Defining stream operators

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  4. Defining stream operators

Stream operators

The stream operator overloads with stream objects like std::cin and std::cout as left operand and variables of primitive types as right operand are already defined. We can then directly output/input variables of primitive types to/from stream objects:

float var; std::cin >> var; // Reads a floating-point number from the input stream 'std::cin'. std::cout << var; // Writes a floating-point number to the output stream 'std::cout'.

What if we wanted to do the same, but with objects of our classes as right operands? All we would have to do is define operator overloads!

Note that the input/output stream operators are also called shift operators when used to shift the bits of variables (We saw that in the page about bitwise operators).

std::ostream and std::istream

The stream classes of C++ are std::ostream and std::istream. They can be seen as the C++ equivalent of the structure FILE. However, unlike the structure FILE which can represent both an input and output stream, std::ostream is an output only stream and std::istream is an input stream. The objects std::cout, std::cerr and std::cin are the C++ equivalent of stdout, stderr and stdin. The streams std::cout and std::cerr are objects of type std::ostream and std::cin is an object of type std::istream.

Output stream operator (Left shift)

Let us define the following class:

Name.hpp

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#ifndef NAME_HPP #define NAME_HPP #include <string> class Name { public: Name(); std::string const& getFirstName() const; std::string const& getLastName() const; void setFirstName(const std::string & firstName); void setLastName(const std::string & lastName); protected: std::string _firstName; std::string _lastName; }; #endif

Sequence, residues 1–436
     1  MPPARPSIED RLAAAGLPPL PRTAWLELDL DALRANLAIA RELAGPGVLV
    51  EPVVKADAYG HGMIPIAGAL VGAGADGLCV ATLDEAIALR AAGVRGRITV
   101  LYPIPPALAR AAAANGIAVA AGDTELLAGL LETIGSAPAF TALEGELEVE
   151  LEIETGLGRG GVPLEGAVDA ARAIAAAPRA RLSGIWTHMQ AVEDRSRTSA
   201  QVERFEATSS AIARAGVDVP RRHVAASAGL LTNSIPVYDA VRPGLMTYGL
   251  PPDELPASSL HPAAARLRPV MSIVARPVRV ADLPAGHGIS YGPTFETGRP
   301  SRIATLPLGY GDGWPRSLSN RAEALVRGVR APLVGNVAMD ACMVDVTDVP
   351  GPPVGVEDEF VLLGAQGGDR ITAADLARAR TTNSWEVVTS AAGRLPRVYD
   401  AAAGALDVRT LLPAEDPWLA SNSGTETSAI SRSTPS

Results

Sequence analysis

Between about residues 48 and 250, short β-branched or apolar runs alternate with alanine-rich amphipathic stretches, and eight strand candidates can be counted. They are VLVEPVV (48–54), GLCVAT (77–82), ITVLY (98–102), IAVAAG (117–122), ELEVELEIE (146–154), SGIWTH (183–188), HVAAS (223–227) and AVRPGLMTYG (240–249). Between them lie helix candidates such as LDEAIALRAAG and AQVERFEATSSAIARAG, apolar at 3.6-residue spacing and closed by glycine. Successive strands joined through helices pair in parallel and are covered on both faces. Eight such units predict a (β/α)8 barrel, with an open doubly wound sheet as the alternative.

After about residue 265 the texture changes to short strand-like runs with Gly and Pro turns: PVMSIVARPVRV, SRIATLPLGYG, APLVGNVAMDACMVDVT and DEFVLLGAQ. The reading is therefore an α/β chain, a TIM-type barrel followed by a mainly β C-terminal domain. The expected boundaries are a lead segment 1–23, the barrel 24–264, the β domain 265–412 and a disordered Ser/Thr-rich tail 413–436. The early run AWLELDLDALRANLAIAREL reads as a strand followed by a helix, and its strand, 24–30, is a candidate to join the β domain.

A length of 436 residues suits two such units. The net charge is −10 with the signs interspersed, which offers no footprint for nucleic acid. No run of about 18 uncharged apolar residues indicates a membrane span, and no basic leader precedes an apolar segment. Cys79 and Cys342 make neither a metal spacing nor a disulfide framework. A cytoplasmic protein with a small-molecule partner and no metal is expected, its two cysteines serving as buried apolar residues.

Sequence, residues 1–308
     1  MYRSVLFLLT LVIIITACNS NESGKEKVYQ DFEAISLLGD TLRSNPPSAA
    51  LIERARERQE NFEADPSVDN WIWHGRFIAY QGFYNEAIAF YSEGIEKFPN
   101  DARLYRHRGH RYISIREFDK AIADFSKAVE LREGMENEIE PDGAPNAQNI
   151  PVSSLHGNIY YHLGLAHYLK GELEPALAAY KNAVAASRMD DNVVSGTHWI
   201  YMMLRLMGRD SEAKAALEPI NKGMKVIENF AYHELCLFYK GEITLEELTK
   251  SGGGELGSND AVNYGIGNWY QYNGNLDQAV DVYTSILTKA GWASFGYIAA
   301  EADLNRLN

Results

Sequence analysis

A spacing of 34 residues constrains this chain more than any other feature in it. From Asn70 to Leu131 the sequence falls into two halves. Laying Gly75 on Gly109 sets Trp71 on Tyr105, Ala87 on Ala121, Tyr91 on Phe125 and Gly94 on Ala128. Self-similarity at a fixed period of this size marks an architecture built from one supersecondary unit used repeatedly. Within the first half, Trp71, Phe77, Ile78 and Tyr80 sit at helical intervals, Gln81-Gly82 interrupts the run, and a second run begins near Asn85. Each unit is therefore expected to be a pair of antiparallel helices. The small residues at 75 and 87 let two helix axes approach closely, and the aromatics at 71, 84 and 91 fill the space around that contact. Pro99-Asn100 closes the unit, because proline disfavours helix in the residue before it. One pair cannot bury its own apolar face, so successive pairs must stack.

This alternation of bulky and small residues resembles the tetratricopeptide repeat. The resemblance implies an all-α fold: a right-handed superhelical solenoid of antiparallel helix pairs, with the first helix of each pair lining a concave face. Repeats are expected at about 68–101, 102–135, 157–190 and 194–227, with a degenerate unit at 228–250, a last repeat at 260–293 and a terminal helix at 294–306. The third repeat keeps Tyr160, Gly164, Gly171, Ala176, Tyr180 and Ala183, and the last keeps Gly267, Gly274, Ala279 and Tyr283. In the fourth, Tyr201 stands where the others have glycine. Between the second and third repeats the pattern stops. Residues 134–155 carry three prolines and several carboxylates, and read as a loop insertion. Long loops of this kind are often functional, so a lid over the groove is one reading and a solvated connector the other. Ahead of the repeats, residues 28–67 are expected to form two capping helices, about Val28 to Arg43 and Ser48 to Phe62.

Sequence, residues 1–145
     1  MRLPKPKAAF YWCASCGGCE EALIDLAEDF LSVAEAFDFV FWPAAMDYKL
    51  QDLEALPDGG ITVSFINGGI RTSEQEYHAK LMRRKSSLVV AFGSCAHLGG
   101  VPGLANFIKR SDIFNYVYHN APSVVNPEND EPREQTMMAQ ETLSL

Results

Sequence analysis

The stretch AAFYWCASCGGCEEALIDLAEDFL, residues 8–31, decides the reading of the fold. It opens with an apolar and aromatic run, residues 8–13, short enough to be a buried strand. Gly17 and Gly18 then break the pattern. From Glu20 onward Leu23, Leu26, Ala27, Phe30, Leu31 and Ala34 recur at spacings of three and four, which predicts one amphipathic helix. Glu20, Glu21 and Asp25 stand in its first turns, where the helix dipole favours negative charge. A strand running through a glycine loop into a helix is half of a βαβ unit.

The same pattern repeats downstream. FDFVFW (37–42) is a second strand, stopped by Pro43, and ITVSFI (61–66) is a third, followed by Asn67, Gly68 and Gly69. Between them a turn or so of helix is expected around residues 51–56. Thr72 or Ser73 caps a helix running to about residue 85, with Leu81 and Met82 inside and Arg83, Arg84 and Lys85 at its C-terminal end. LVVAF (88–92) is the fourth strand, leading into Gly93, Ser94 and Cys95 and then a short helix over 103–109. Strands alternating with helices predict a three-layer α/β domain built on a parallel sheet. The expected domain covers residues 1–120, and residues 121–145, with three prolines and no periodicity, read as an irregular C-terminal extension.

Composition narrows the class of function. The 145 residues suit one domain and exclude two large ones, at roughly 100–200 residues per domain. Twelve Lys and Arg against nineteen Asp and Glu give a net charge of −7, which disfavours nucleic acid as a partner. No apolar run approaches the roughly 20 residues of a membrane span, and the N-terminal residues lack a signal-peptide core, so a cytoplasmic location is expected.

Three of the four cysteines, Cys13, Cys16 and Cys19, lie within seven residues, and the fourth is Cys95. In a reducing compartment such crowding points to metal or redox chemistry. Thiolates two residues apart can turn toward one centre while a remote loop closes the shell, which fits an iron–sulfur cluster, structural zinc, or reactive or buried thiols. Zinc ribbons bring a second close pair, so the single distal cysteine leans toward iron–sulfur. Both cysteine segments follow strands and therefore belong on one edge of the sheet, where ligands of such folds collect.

Name.cpp

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#include "Name.hpp" #include <iostream> Name::Name() : _firstName("Kelly"), _lastName("Parker") { } std::string const& Name::getFirstName() const { return _firstName; } std::string const& Name::getLastName() const { return _lastName; } void Name::setFirstName(const std::string & firstName) { _firstName = firstName; } void Name::setLastName(const std::string & lastName) { _lastName = lastName; }

If we wanted to print the members of an object of the class Name, we could simply print its members one by one, like the following:

Name name; std::cout << name.getFirstName() << " " << name.getLastName() << std::endl;

What if we want to simply write the following?

Name name; std::cout << name << std::endl;

The operator << with an object of type std::ostream as the left operand is already defined for some types (primitives (int, double...), std::string, char pointers (null-terminated strings)...) as the right operand. However, for our classes as right operand, we must define the operator ourselves.